Just as President Ma Ying-jeou’s (馬英九) administration is about to celebrate the signing of an historic trade agreement with China, Department of Health Minister Yaung Chih-liang (楊志良) once again managed to draw attention to himself.
Yaung’s latest faux pas — made while he was in the US — involved publicly expressing his intense dislike of Koreans, who he said had copied Taiwan’s health system but would never admit doing so.
Not only were such comments inappropriate for a public official, they also reflected a view propagated by an increasingly nationalist China. In other words, not only was our health minister making a fool of himself while abroad, he was also spewing Chinese propaganda.
This incident is unlikely to be well received by the Chinese Nationalist Party (KMT), which is facing a crisis in popularity ahead of important municipal elections in November. At a time when it is striving to rebuild its credibility and mend fences with countries supposedly alienated by the previous Democratic Progressive Party (DPP) administration, Yaung’s remarks can only make that task more onerous.
For the DPP, Yaung’s lack of discretion is a godsend, providing additional ammunition as it prepares to hold a mass rally in Taipei to oppose the controversial economic cooperation framework agreement (ECFA).
The Ma administration has a week to distance itself from Yaung’s insulting rhetoric. Should it remain silent on the matter, we could only conclude that it condones such ugly Chinese nationalism and Yaung could well be added to the list of things to be targeted during the protests on Saturday.
Supporters of Taiwan not only have the responsibility to ensure the nation’s survival, but to protect its image abroad by displaying maturity, openness and respect for differences. The importance of distancing ourselves from the racism espoused by Yaung cannot be overstated, not only because it represents an effort to combat “Han” chauvinism, but also because it highlights the type of maturity that the world expects from a democracy.
Regardless of who is in power, Taiwan is in no position to insult other nations through its officials — especially through a crass form of nationalism for which Chinese officials have often been ridiculed. If we fail to condemn this type of behavior, we are no better than the Chinese officials we laugh at for their lack of tact.
Ultimately, a politician’s ability to conduct himself or herself properly serves as an indicator of their ability to oversee national policies. As Yaung is closely involved in managing the debilitated National Health Insurance (NHI) program — one that should be the envy of many countries but that is becoming increasingly unsustainable — his inability to behave like a professional politician raises questions about his qualifications. Are those of us who contribute to the NHI plan and rely on it in times of need really willing to trust someone who engages in such open bigotry to steer the nation’s health program in the right direction?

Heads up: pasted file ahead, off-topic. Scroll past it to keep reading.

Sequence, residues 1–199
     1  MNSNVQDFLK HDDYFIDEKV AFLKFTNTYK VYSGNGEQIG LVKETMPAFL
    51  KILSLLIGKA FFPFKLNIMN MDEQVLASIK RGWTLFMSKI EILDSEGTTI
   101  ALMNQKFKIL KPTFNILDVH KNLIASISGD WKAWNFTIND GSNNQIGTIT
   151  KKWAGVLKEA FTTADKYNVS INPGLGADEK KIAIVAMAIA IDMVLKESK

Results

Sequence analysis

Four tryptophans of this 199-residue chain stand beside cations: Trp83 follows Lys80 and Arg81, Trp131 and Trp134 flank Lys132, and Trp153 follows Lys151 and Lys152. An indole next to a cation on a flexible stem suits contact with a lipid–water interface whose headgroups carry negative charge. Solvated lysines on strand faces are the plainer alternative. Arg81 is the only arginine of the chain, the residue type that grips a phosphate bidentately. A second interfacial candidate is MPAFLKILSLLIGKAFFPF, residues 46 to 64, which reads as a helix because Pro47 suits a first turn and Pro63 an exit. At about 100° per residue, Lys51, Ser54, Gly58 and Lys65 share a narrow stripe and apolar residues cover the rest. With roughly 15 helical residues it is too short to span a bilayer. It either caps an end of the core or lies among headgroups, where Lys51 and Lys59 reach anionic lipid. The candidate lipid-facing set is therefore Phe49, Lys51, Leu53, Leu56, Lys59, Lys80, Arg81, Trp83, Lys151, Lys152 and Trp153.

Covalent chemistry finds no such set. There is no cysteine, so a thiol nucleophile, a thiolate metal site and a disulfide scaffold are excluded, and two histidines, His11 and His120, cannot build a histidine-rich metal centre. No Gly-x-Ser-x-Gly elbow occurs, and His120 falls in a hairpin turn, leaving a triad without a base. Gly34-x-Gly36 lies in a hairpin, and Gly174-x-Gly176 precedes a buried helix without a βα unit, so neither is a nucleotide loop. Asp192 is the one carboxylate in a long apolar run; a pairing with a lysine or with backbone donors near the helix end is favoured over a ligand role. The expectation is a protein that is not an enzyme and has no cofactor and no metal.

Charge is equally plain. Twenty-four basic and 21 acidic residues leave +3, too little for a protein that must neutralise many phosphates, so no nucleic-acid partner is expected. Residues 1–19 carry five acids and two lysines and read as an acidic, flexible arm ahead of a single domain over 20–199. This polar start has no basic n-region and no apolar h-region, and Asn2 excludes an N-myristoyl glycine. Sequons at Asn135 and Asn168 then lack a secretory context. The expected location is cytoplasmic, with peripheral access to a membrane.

During the protest on Saturday, let’s hope that among all the placards criticizing the Ma administration and opposing an ECFA that is being forced on us, there will also be a few that give voice to the respect and openness of mind and spirit that far better represent the feelings of Taiwanese people than the racist comments of our health minister.
We love Taiwan and we love South Korea.
Taiwan is not an orphan nation in need of someone to adopt it. Taiwan is not a foundling nation wandering the streets of the world looking for a home. It is not even a poor waif of a nation unable to take care of itself in that same big, bad world. Finally, Taiwan is certainly not terra nullius, a nationless land that is open and waiting to be explored and possessed by those who dare. Taiwan is a mid-sized, democratic nation that by GDP, profitability, location and even microchip production punches far above its weight in its region and in international commerce.
When analyzing Taiwan-China tensions, most people assume that the leadership of the Chinese Communist Party (CCP) and the Chinese People’s Liberation Army (PLA) consists of rational actors. Embedded within this belief are three further suppositions: First, Beijing would only launch an attack on Taiwan if it were in China’s national interest; second, it would only attack if the odds were overwhelmingly in its favor; and third, Chinese decisionmakers interpret information objectively and through the same lens as other actors. These assumptions have underpinned recent analyses — including by Minister of National Defense Chiu Kuo-cheng (邱國正) — concluding that there is no
Do you remember where you were last year at this time? Do you remember what it was like? Here in the leafy suburbs of Washington, D.C., we were in lock-down mode. The streets were bleak and empty. Schools, offices, malls, theaters, churches … all were closed. The essentials were in short supply. Grocery stores rationed the good stuff. Signs read: “One jumbo pack of toilet paper, two cartoons of eggs per family please!” Some days those signs mocked us from barren shelves. It was a lonely and anti-social time. Families and friends had to weigh the rewards of gathering together to celebrate Christmas
US-based diplomatic observers say that interaction between Taiwan and the US has grown in intensity over the past few months, falling short of establishing official relations. Although the interaction is still below the cabinet level because of Washington’s “one China” policy, these observers see a growing propensity in US political circles, across both sides of the aisle, to support Taiwan’s distinct political culture, the outstanding features of which are its vibrant democracy and respect for human rights, along with a thriving economy. The question often debated in academic and foreign policy research circles is whether the US would put boots on